Tis Q4, an age of steel and next-gen console game releases
A time when a writer’s sleep schedule drastically decreases
From the mists of time comes Assassin’s Creed Valhalla
Not to be confused with Ubisoft’s forgotten Brawlhalla
To review this game we require a man of talent and wit
Alas we have Darryn, who’s a bit of a twit
The review begins so buckle your butts
Because you’re about to see that this game is totally nuts
Assassin’s Creed has been a bit different in its last two outings when compared to previous games in the series. The bones were still there, a historic trip down memory lane mixed with an ancient feud, class warfare, and conspiracy theories about ancient aliens that would give the History Channel enough content to last several lifetimes.
On top of that frame though, was a game that was less fussed with forcing you down a rigid path of subterfuge and content to allow you to YOLO your way to victory. Assassin’s Creed Origins got the ball rolling, while Assassin’s Creed Odyssey proved to be the very pinnacle of the series and its new direction, creating an impossibly high barrier to overcome thanks to its combination gorgeous Mediterranean scenery, dozens of hours of content, and a protagonist who was pure charismatic swagger.
Can Assassin’s Creed Valhalla match or even surpass that glorious benchmark? Nah. Ubisoft’s latest sandbox comes in second place in this latest tour of a bygone era, but I’ll say this much: It’s a damn close race.
It’s the darkest of ages, when England was being invaded and colonised by settlers from distant shores. Danes roam the land, gratuitous Saxon violence is the only law of the land and kings rise and fall as quickly as a sunset over a distant moor. Enter Eivor, a Viking warrior blessed by the fates with abilities inherited through their bloodline.
It’s not too long before you exit Norway and begin a voyage to England, a country shrouded in mists of mystery. Eivor and their clan may be invaders, but within time they also become settlers on hostile territory while becoming embroiled in the age-old war between those who seek to control humanity and those who wish for everything to be permitted.
On the surface this may look like Assassin’s Creed with a new coat of paint, and that’s partly true. You’ll still scour the land for synchronisation spots, meet with famous figures of the era and introduce anyone who gets in your way towards the business end of your cold steel, but underneath the hood there are a number of significant changes that all tie into the idea of creating a far more organic experience.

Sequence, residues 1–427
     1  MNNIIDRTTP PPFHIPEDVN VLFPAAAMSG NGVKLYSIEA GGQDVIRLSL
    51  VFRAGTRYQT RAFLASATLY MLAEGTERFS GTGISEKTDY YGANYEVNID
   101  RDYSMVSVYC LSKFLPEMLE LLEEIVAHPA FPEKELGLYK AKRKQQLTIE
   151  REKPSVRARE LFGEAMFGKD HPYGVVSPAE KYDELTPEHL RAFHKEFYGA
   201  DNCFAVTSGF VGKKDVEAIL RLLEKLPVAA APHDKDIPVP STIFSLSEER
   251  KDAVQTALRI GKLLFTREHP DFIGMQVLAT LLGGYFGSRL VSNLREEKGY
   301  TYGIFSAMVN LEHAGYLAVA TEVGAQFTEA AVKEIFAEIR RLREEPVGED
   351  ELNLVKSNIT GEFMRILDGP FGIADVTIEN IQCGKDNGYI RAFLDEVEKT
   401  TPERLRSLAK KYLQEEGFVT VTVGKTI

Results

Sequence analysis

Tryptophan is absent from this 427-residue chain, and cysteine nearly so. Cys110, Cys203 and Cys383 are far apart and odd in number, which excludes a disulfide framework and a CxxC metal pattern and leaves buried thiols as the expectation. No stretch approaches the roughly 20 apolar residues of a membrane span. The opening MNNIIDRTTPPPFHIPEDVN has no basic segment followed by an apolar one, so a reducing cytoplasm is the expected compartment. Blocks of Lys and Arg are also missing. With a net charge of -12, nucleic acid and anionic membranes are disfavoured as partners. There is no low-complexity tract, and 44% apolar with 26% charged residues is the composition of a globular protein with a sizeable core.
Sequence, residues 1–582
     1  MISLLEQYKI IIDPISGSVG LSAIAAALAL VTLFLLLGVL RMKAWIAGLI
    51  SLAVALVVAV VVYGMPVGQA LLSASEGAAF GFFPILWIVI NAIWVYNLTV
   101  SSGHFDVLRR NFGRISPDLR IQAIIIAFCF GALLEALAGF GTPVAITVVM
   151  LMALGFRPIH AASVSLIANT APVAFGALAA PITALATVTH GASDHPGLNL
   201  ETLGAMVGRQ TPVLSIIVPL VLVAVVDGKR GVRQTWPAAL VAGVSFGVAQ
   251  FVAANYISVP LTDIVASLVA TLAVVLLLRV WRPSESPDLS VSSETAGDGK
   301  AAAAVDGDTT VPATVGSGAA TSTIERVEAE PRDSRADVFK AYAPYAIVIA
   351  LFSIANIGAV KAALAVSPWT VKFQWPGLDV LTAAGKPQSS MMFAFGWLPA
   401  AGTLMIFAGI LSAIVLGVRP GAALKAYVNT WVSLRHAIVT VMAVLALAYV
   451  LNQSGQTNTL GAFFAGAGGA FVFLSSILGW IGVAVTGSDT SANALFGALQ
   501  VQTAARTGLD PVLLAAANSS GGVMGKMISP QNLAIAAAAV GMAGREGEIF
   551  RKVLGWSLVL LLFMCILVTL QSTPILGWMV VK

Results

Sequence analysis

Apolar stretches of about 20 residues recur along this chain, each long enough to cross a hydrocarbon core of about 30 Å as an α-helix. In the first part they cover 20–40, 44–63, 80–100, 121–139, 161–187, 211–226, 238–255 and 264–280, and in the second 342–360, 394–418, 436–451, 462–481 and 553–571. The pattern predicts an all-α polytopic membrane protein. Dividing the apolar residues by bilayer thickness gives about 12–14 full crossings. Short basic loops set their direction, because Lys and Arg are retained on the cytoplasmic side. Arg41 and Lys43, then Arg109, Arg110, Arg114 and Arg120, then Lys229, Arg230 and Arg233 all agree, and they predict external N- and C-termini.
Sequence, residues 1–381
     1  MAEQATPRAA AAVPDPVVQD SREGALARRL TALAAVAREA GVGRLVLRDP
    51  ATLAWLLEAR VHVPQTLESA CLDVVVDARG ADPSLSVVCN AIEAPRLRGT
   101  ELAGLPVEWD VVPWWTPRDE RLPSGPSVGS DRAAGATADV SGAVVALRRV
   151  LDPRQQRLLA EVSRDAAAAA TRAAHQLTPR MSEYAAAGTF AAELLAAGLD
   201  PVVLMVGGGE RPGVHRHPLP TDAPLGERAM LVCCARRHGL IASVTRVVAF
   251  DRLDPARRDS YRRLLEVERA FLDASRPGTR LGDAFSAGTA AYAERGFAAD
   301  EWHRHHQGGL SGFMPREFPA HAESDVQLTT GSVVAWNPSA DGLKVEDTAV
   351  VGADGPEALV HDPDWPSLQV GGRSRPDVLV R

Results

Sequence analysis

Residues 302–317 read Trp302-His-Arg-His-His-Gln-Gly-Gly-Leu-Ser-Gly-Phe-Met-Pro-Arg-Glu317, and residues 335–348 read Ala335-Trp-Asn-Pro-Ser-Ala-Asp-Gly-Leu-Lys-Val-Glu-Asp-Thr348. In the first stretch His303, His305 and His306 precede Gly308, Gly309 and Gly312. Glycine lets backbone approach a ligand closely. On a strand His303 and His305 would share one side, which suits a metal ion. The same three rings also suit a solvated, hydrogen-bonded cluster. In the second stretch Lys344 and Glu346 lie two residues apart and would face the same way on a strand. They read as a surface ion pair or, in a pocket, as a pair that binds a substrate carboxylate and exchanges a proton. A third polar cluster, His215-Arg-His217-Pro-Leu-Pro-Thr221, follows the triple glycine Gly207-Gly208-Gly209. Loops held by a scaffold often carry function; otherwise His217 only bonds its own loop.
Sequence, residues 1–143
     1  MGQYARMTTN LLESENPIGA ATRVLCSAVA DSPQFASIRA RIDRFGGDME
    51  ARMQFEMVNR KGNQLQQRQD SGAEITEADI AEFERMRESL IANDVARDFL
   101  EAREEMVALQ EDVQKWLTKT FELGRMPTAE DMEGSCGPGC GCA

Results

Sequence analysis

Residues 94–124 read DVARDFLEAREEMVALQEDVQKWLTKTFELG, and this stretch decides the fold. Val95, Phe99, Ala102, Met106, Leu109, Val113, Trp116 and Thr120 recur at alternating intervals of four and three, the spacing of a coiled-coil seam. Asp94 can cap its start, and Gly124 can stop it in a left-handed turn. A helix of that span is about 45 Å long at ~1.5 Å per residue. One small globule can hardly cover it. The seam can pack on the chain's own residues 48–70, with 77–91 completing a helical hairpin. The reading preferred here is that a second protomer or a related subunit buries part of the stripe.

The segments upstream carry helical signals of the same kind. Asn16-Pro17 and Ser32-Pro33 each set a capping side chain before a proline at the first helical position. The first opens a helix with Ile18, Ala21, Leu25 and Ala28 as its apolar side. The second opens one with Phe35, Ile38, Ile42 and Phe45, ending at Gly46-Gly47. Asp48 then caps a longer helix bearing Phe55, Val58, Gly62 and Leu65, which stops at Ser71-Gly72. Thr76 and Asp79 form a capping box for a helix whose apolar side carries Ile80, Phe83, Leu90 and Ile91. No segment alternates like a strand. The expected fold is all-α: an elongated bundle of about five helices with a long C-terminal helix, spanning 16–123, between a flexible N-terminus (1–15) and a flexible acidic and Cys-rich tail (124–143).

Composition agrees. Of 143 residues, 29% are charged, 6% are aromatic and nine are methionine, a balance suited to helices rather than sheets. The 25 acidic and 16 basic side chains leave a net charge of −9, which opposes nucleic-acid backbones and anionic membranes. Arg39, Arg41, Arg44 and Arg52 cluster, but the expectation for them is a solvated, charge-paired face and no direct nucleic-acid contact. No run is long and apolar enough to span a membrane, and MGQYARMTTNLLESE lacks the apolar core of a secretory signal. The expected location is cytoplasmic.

For starters the Dark Souls influence feels heavier than ever before. A stamina meter gauges just how many heavy attacks you can land or enemies you can roll away from, forcing you to adopt Eivor’s aggressive culture and fight more aggressively than ever before. There’s a whole new cadence to the battle-dance when compared to the deadly duets of Assassin’s Creed Origins and Odyssey, and Valhalla feels better for it.
How you gain power has also been completely revamped. Instead of focusing on a Destiny-like system of gear that would give you a fighting edge and the strict level-up system where a single difference in numbers made a huge impact on your ability to survive an encounter, Valhalla has you racking up experience and skill points. Invest your skill points in one of three primary trees, and you’ll be able to unlock more abilities, durability, and adrenaline bars for your special skills along the way, thus building on your overall power.
Your arsenal also feels far more focused: Great swords will cleave through shields, dual-wielding a sword and shield provides both offense and defense, and experimenting with other combinations reveals a much deeper combat system that feels more fun than ever before. I’m especially fond of daggers and axes, especially when I can literally hack a shield to pieces with them. Combine that with the number of skills that you can equip to either trigger button, and Eivor’s a Danish wrecking machine.
Do I miss the Spartan Kick from Odyssey? Absolutely. Am I glad that it’s replacement is a bare-knuckle rugby tackle that you can strategically use to chuck a soldier off a cliff? Oh hells yes. While Valhalla had me playing more aggressively than I thought I would, I’m still happy to see that stealth has its own use in Valhalla. With a hidden blade equipped, the right skill in your pocket and an eye for thinking outside the box when you’re burning a castle to the ground, Eivor’s capable of taking down some of the most notorious bastards who ever terrorised the kingdoms of England.